Ratings talk in TV, and the figures for the CBS retrospectives spoke volumes.
Sunday’s Sullivan tribute startled the TV industry when it finished No. 2 among all programs last week in terms of households tuned in, attracted 33% of the national audience and drew more viewers than any other show--33,760,000.
The “All in the Family” special, in some ways, made an even more impressive showing. Airing last Saturday--a night when CBS is just about dead--it drew 25% of the audience and beat two episodes of NBC’s powerful series “The Golden Girls” head-on.
As for the look back at “The Mary Tyler Moore Show,” it earned 26% of all viewers and gave CBS its highest-rated Monday night of the season.
And although, predictably, all three retrospectives drew their biggest audiences from viewers 50 years old and over, the shows registered solid demographics with most age groups.
NBC had good instincts when it tried to mount a new Sullivan-style pilot show with Larry King as host earlier this season, even though it failed because of poor execution.
Producer David Levy, meanwhile, has tried to sell the Big Three on a series that would bring back popular old TV shows and be called “One More Time.” Arguing that the concept has “far less risk than scheduling a totally new show,” his outline adds: “There is considerable evidence to prove that the audience will be very receptive.”
TV specials reuniting the casts of old series have done well, and a 1990 CBS program incorporating the pilot episode of “I Love Lucy” went through the roof in the ratings. In addition, cable channels such as Nickelodeon have done wonders re-packaging popular old TV series with wit and charm.
So successful were CBS’ retrospectives that they have kept the last-place network highly competitive in the February ratings sweeps period, aided by such other specials as Wednesday’s Grammy Awards show, which pulled 31% of the audience.
CBS also geared up Friday’s Miss USA Pageant--its answer to NBC’s Miss America contest--with a patriotic theme from its setting in the heartland city of Wichita, Kan., in another move to maintain its strong showing.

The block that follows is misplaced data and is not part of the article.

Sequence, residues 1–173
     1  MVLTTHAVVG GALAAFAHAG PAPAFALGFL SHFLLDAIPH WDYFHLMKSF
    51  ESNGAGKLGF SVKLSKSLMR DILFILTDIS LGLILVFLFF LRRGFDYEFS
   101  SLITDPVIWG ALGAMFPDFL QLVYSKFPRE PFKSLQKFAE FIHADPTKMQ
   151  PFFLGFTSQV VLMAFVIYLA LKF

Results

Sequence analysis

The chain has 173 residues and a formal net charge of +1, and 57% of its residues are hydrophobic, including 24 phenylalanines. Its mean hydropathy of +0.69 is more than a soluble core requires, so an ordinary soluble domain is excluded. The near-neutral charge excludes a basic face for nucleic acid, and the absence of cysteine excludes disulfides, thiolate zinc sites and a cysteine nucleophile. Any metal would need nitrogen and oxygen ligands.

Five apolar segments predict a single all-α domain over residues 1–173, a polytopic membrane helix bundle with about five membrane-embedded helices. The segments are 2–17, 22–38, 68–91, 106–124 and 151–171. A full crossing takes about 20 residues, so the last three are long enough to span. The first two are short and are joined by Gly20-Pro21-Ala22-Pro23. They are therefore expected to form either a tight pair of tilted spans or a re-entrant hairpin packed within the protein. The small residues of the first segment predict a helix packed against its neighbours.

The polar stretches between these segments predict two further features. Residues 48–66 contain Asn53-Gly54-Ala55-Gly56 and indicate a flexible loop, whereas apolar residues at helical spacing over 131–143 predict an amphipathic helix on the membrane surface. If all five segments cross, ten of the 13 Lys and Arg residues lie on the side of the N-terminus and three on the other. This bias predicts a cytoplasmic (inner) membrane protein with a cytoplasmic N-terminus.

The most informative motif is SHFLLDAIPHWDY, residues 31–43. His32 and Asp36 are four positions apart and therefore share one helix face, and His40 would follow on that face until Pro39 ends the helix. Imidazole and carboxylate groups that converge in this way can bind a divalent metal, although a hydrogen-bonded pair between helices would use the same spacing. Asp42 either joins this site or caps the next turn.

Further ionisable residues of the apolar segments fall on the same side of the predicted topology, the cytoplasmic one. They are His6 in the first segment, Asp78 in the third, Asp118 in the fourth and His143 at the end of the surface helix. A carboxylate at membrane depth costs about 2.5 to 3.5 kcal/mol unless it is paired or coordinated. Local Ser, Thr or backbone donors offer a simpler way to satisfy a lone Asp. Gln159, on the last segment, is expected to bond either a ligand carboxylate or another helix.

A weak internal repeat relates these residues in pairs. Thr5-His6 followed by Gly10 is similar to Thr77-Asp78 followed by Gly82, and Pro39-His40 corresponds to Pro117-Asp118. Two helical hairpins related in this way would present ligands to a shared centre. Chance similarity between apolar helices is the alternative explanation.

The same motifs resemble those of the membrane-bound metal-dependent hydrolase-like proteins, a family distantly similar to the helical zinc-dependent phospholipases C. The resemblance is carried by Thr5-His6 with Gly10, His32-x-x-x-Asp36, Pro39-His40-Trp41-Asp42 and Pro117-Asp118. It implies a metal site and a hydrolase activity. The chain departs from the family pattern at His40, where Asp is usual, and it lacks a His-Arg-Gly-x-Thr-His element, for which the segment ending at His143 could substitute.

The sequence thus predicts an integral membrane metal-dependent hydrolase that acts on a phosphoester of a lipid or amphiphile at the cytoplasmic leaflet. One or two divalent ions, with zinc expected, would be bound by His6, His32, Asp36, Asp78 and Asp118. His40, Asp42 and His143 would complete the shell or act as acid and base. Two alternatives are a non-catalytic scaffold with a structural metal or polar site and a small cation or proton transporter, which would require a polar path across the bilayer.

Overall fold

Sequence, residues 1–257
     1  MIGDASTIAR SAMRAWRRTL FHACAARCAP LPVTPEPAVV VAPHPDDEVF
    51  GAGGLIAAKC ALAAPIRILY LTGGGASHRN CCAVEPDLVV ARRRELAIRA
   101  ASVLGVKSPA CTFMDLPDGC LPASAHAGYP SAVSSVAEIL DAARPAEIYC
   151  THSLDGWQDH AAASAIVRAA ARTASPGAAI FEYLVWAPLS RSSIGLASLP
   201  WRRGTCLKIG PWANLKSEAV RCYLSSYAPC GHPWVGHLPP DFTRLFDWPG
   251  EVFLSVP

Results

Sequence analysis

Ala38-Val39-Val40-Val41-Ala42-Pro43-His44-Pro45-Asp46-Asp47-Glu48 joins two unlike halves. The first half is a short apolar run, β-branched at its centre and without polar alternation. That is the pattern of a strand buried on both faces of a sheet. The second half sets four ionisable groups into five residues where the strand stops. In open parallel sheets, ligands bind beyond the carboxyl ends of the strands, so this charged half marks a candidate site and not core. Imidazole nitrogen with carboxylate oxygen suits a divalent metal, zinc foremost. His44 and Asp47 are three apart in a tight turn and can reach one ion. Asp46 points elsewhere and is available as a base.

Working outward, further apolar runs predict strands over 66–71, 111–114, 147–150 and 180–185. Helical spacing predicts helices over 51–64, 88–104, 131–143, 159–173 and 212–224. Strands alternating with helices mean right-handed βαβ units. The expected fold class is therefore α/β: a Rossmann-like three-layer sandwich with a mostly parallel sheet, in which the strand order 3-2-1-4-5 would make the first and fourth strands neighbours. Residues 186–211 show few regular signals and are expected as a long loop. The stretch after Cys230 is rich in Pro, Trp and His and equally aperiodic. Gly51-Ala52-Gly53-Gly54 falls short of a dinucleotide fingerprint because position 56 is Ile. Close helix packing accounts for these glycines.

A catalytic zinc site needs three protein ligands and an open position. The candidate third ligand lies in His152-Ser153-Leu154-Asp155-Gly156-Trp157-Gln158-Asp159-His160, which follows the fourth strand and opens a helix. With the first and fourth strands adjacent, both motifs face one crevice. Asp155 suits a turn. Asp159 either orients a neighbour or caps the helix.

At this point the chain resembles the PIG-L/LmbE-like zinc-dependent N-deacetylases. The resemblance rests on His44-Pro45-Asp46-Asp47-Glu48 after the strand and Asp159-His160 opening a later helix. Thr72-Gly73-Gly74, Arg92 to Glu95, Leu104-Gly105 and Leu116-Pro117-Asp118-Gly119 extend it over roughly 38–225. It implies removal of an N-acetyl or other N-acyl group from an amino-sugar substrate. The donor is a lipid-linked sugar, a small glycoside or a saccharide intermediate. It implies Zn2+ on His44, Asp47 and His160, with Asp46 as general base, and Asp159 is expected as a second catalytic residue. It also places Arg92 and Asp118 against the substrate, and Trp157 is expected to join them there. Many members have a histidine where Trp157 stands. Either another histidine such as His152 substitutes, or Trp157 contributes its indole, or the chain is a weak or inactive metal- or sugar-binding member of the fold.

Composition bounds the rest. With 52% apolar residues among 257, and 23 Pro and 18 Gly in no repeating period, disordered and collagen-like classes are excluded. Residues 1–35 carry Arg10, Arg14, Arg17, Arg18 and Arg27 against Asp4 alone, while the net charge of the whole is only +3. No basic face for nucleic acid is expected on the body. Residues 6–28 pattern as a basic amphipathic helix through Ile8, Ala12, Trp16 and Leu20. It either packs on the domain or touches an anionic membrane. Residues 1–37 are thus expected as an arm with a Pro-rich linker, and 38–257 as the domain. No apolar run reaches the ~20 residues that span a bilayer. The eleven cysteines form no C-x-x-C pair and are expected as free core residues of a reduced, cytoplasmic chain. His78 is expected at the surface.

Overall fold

It’s intriguing to see CBS, struggling to survive, bid for a comeback with its sweeps strategy, especially drawing on its glorious past. But in the long run, viewers are the losers when exhilarating creative gambles such as “Cop Rock,” “Twin Peaks” and “China Beach” fade out. ABC had the guts to put them on, and one hopes it doesn’t suddenly desert the instincts that have made it the most interesting network to watch.
ABC looks quite different and more ordinary without these shows. And when “thirtysomething” takes a six-week hiatus March 5 to make way for a tryout series called “Eddie Dodd,” with Treat Williams as a lawyer, it will look even less its former self--the home of drama series that have made a difference.
In the end, it didn’t help to move around “Twin Peaks” and “China Beach"--viewers got lost, as they often do by such program-shuffling. Consider, for instance, how CBS’ “Knots Landing,” remaining in its Thursday slot for years, now has become the fourth longest-running series in TV history, behind only “Gunsmoke,” “Bonanza” and “Dallas.” It shot its 300th episode this week.
Goodby (for a while), experimentation. Hello, tried and true.